Good advice available when making study choices

Resources and organisation

82%
Library resources
78%
IT resources
88%
Course specific equipment and facilities
81%
Course is well organised and has run smoothly

Student voice

Staff value students' opinions

Who studies this subject and how do they get on?

93%
UK students
7%
International students
41%
Male students
59%
Female students
92%
2:1 or above
4%
Drop out rate

After graduation


The stats in this section relate to the general subject area/s at this university – not this specific course. We show this where there isn't enough data about the course, or where this is the most detailed info available to us.

History

What are graduates doing after six months?

This is what graduates told us they were doing (and earning), shortly after completing their course. We've crunched the numbers to show you if these immediate prospects are high, medium or low, compared to those studying this subject/s at other universities.

£19,765
med
Average annual salary
94%
med
Employed or in further education
86%
med
Employed in a role where degree was essential or beneficial

Top job areas of graduates

10%
Sales assistants and retail cashiers
9%
Media professionals
6%
Sales, marketing and related associate professionals
What do graduate employment figures really tell you?

History is a very popular subject (although numbers have fallen of late) — in 2015, over 10,000 UK students graduated in a history-related course. Obviously, there aren't 11,000 jobs as historians available every year, but history is a good, flexible degree that allows graduates to go into a wide range of different jobs, and consequently history graduates have an unemployment rate comparable to the national graduate average. Many — probably most — jobs for graduates don't ask for a particular degree to go into them and history graduates are well set to take advantage. That's why so many go into jobs in the finance industry, human resources, marketing, PR and events management, as well as the more obvious roles in education, welfare and the arts. Around one in five history graduates went into further study last year. History and teaching were the most popular further study subjects for history graduates, but law, journalism, and politics were also popular postgraduate courses.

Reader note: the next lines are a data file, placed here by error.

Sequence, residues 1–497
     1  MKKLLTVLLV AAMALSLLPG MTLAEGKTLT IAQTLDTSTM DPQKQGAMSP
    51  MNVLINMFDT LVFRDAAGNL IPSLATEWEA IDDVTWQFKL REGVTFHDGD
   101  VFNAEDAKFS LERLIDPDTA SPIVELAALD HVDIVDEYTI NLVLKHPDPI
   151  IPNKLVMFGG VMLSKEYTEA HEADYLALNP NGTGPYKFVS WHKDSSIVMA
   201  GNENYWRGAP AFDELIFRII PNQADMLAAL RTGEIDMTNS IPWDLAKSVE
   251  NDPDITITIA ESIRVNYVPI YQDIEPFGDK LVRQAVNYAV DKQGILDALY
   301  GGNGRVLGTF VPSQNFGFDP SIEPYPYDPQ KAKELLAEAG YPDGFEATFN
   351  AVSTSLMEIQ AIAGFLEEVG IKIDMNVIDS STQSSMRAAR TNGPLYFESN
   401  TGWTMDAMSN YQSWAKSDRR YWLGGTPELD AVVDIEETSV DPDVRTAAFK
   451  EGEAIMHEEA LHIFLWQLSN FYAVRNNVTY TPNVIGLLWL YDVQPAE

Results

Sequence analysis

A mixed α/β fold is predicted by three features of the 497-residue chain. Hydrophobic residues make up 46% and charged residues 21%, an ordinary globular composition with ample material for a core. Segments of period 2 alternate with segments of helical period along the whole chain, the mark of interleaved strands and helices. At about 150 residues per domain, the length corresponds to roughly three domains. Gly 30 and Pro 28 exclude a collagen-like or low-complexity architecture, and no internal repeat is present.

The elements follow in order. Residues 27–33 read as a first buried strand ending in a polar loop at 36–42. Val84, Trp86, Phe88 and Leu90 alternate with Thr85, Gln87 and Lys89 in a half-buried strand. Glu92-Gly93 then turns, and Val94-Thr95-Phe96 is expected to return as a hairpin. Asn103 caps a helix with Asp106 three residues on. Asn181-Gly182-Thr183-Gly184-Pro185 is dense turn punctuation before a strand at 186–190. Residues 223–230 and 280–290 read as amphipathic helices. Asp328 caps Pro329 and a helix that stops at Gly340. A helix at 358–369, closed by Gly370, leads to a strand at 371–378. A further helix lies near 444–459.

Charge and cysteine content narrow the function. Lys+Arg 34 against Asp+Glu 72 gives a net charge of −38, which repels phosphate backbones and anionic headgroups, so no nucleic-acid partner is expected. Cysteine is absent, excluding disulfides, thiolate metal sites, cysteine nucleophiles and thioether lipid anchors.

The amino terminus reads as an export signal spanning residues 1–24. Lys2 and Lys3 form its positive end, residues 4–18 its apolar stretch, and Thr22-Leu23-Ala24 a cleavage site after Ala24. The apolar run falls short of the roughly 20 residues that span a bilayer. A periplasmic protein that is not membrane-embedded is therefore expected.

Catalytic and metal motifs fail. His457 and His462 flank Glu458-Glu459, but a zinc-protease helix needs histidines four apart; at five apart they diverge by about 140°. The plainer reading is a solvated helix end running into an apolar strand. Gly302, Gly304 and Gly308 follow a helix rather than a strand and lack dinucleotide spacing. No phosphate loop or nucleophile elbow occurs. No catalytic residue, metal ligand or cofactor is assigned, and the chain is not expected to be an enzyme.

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This is what the university has told Ucas about the criteria they expect applicants to satisfy; some may be compulsory, others may be preferable.

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This is the percentage of applicants to this course who received an offer last year, through Ucas.

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This is what the university has told Ucas about the course. Use it to get a quick idea about what makes it unique compared to similar courses, elsewhere.

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Course location and department:

This is what the university has told Ucas about the course. Use it to get a quick idea about what makes it unique compared to similar courses, elsewhere.

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Teaching Excellence Framework (TEF):

We've received this information from the Department for Education, via Ucas. This is how the university as a whole has been rated for its quality of teaching: gold silver or bronze. Note, not all universities have taken part in the TEF.

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This information comes from the National Student Survey, an annual student survey of final-year students. You can use this to see how satisfied students studying this subject area at this university, are (not the individual course).

We calculate a mean rating of all responses to indicate whether this is high, medium or low compared to the same subject area at other universities.

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This information is from the Higher Education Statistics Agency (HESA).

You can use this to get an idea of who you might share a lecture with and how they progressed in this subject, here. It's also worth comparing typical A-level subjects and grades students achieved with the current course entry requirements; similarities or differences here could indicate how flexible (or not) a university might be.

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Post-six month graduation stats:

This is from the Destinations of Leavers from Higher Education Survey, based on responses from graduates who studied the same subject area here.

It offers a snapshot of what grads went on to do six months later, what they were earning on average, and whether they felt their degree helped them obtain a 'graduate role'. We calculate a mean rating to indicate if this is high, medium or low compared to other universities.

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Graduate field commentary:

The Higher Education Careers Services Unit have provided some further context for all graduates in this subject area, including details that numbers alone might not show

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The Longitudinal Educational Outcomes dataset combines HRMC earnings data with student records from the Higher Education Statistics Agency.

While there are lots of factors at play when it comes to your future earnings, use this as a rough timeline of what graduates in this subject area were earning on average one, three and five years later. Can you see a steady increase in salary, or did grads need some experience under their belt before seeing a nice bump up in their pay packet?

Have a question about this info? Learn more here